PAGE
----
The toughest job of them all – Motherhood

When I was a wee little lass, I came home from school and announced that I wanted to be a scientist. This was after a fun experiment which included lots of water and coloured dyes during a science lesson. The entire dressing up with a white coat, plastic gloves and of course brightly coloured water secured my future. However that dream was shattered when the follow up exam result didn’t come out as planned.

F for ‘fantastic’?

For a while I gave up the thought of a career and decided to wait until I “growed up”. But one fine day, while flicking through one of my father’s old magazines I saw an advertisement for some flashy organisation and it featured a beautiful woman wearing a smart suit looking all snazzy. At dinner that evening I announced that I wanted to be a business woman. Now mind you, this was in the early 90’s where everybody was talking about computers and banking. Well around me they were. So being in that environment and seeing a flashy advert which made the dream all more real, I set upon becoming like that woman. Little did I realise that the woman in the picture was actually an air hostess. Nevertheless I clung onto becoming a business woman until I reached my O Levels. There the textbook size was enough to put me off. There was no glamour in a boring book!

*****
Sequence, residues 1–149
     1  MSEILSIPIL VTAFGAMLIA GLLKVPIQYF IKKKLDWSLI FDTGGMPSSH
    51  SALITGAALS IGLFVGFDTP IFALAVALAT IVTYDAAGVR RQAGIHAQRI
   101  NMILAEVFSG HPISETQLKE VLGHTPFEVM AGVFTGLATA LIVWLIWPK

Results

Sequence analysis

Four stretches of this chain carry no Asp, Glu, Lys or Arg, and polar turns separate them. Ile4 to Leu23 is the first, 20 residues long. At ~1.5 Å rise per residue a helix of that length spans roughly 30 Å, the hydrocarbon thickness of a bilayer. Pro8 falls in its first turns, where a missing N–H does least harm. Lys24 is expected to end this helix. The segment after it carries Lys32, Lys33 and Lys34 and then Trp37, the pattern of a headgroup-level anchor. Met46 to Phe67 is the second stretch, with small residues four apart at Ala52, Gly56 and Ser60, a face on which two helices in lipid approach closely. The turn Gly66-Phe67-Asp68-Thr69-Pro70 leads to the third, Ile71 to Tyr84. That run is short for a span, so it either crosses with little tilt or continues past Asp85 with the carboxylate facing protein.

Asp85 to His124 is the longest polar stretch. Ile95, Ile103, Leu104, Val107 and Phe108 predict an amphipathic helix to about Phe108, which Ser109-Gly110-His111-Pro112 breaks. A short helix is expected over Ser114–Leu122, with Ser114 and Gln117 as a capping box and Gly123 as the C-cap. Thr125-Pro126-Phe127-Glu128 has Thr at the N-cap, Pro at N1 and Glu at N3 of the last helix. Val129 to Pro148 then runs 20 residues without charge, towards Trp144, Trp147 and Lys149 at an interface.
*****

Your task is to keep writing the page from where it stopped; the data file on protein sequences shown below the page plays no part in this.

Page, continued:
Disappointed by the business world and heavily influenced by the liberal arts I figured my talent lay in art. I pictured myself with long flowing hair, surrounded by nothing but white sheets of paper marred by the black charcoal that was my bread and butter. Colours became personalities, lyrics held hidden meaning that could only be communicated via painting and sculptures were symbols of my everlasting love for the craft. However, the artist’s romance soon faded when I entered university.

There I discovered something that I ignored even though it conquered the discussions taking place everywhere. Politics. Suddenly Palestine was no longer just a fashion accessory in the form of a scarf, religion wasn’t just cherubs and angels but in fact a sinister political ideology and well… I was the person who had to save the world. Yet, polite rejection letters from idealised organisations such as the UN and the World Bank ensured that nope, saving the world wasn’t my responsibility.

We’ll leave that to the professionals.